Why is choral music one of the cosmic keys to the holidays?  Will the angels fail to come if we don’t sing about them?  Maybe.  In June, at the Chorus America convention, keynote speaker Garrison Keillor referred to choral music as “primal, communal music”; he said that its purpose is “to rip your heart out and make you weep.”  He was partly being funny, but he hit upon something completely true.  There is a redemptive quality to choral singing to which we intuitively bring ourselves.  A choir singing feeds us in a way that few other things do.  I am guessing that this is, in part, why you are here today. 

We are a professional choir, and that is part of our value and our appeal.  Our board and friends spent many hours last month refining our mission statement, including what makes us unique.  This is all worthwhile, for all sorts of internal and external reasons.  Yet it seems to me that in the end, sincerity, at least at this time of year, is the most important value in creating the experience of deep personal connection.  Children singing slightly off key will bring tears to our eyes at the holidays if they mean it, if they throw themselves into what they’re doing.  As professionals, we attempt to add two extra dimensions: truly superb singing and truly remarkable repertoire.  If that sets us apart from the others, so be it: if we are not so different that primal way which feeds us all, so be that.  Nobody needs to have a reason to put on a choral concert in December.  It’s just what our culture needs to do.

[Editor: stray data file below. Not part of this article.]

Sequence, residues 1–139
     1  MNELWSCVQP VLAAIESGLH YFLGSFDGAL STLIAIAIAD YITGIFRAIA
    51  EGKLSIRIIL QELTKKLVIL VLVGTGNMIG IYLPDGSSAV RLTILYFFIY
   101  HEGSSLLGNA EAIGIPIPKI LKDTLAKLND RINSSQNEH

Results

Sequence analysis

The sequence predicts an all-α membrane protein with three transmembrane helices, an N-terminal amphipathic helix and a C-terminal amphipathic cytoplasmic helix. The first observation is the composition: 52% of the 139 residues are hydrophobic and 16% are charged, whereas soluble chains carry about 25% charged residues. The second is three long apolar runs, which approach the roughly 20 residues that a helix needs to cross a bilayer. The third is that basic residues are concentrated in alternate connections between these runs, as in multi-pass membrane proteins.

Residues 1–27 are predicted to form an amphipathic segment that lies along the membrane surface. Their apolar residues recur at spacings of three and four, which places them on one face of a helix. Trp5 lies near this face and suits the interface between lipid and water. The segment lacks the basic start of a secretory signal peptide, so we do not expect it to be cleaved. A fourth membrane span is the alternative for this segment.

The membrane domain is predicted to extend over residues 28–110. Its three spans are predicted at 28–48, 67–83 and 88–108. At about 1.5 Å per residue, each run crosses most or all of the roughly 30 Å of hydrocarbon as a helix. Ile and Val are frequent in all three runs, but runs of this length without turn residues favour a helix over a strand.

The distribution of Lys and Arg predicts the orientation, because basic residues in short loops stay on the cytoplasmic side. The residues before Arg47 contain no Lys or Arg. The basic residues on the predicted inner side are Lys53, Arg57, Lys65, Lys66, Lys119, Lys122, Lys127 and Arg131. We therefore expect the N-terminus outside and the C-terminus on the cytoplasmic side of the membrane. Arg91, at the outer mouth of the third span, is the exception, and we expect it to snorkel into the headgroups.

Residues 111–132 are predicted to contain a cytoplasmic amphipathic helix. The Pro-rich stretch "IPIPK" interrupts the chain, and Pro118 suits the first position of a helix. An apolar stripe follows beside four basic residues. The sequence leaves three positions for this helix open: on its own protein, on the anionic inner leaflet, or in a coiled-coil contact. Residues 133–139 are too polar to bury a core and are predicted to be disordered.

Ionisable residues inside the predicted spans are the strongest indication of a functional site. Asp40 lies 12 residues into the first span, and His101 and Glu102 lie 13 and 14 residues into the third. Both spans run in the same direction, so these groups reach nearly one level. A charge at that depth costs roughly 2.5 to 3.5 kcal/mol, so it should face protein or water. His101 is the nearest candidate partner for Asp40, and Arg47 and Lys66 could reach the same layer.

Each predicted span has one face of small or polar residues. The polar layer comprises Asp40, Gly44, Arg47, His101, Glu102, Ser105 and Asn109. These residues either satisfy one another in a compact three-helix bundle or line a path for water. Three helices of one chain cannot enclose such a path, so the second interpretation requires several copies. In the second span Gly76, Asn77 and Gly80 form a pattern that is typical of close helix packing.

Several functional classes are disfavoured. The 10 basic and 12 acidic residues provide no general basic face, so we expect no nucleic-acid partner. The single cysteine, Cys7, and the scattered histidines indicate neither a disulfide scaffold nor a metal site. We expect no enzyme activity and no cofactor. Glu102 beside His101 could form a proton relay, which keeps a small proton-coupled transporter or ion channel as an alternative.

I am deeply grateful that you have come to hear us today.  On this concert you will hear repertoire from a number of traditions.  A number of our selections are either ambitious or just exquisite, bringing us all—you as well as the singers—toward the highest pinnacles of out art form, a cappella singing.  This is how we do holiday music at Chicago a cappella.